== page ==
Energy inflation – influenced by more than merely demand and supply:

Countries that import energy and petroleum products, particularly emerging market economies in Africa and Asia, many of whom also import raw materials from Ukraine or Russia, have been significantly impacted by the prolonged regional conflict and the impact of retaliatory policies on energy costs. Many economies already burdened by COVID debt are further strained by the artificially high energy markets.

In light of the global condemnation of the Russian invasion, it is surprising that there’s not been stronger condemnation and reaction against specific OPEC countries that are advocating and implementing cuts in oil supply quotas. We are in effect condoning their opportunism during this tragedy.

A combination of higher imported inflation and increasing US dollar-denominated debt commitments (as a result of covid-related bailouts and higher energy costs) have led to a weakening of emerging market balance of payments and currencies, which in turn has pushed inflationary pressures even higher for them. Many of these countries have resorted to increased domestic currency lending to ease Balance of Payments pressures.

Real returns are greatly impacted by currency depreciations, and periods of high or hyperinflation can materially influence asset returns in Emerging Markets. This is a time to remain vigilant as the impetus to protect traditional geopolitical power structures increases.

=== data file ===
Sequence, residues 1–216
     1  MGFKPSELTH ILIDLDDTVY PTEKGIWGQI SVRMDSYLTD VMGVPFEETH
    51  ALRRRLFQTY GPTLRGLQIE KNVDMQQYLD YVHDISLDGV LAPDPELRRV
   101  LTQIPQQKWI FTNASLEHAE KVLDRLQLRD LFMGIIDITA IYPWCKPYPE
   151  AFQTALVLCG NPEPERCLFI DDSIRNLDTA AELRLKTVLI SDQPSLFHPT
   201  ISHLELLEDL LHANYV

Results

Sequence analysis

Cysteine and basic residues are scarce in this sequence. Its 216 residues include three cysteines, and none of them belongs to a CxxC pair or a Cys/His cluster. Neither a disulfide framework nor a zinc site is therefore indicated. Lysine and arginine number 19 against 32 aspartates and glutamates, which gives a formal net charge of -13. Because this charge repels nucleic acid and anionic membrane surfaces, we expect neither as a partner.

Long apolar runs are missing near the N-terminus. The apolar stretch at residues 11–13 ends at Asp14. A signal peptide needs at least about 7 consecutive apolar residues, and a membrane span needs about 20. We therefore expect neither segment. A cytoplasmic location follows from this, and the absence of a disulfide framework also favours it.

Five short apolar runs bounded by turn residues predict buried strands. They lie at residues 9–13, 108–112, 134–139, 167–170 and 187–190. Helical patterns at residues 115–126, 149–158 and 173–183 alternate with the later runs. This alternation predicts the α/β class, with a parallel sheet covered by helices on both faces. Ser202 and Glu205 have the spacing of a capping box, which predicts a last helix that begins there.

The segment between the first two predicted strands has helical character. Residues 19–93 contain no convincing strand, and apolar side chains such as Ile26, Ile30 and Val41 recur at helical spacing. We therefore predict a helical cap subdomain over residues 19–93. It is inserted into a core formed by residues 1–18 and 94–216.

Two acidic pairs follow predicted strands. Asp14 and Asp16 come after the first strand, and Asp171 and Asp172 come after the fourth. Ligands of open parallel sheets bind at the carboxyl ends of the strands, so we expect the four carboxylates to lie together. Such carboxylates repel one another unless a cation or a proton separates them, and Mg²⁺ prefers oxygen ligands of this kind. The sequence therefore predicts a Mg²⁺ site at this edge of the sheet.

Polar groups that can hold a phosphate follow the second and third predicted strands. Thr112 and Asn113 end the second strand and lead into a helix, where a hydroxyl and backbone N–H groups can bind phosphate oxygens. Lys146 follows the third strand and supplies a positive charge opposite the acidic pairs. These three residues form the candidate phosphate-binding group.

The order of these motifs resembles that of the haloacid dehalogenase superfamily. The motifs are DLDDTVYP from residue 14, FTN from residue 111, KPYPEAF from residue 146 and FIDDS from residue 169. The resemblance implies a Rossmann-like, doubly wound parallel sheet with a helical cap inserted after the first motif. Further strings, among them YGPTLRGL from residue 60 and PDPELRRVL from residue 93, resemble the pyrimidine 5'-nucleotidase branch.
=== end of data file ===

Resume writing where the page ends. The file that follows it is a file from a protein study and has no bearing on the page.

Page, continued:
The Implications of Rewiring the Globalist Economic system

The shift toward a more interconnected world after World War II, had roots in efforts to enhance economic efficiency, sharing resources, and fostering international collaboration. While anti-globalist sentiments may lean towards nationalism, the challenge lies in avoiding isolationist extremes and powerful alliances that seek to perpetuate global inequalities, which in the end could foster inter-national conflicts.

The trend of re-shoring production, which began under Barack Obama and gained momentum under Donald Trump with the implementation of tariff barriers, is expected to accelerate further due to the US Inflation Reduction Act stimulus and the European Green Deal Industrial Plan. While many are pointing at China’s fiscal stimulus as protectionist, the reality is the state sector in China is proportionately larger, and current stimulus are rather efforts to avoid deflation, and moreover to continue the uplifting of employment and incomes, which still massively trail US and European levels.

Structural changes to global trade and production flows, are likely to be associated with additional supply shocks with some relatively high degree of certainty over the medium term, leading to sustained inflationary pressures, which hold the risk of persistently high interest rates globally. Navigating this landscape requires nuanced strategies that acknowledge both the benefits of self-sufficiency and the importance of collaborative efforts to address global challenges.

Unfortunately, the momentum of populist movements leans towards simplified narratives driving for increased energy security, militarisation, protectionist trade policies, stricter immigration policies, and the strengthening of unilateralism of individual nations or international alliances. This inclination can contribute to a challenging and potentially turbulent path ahead.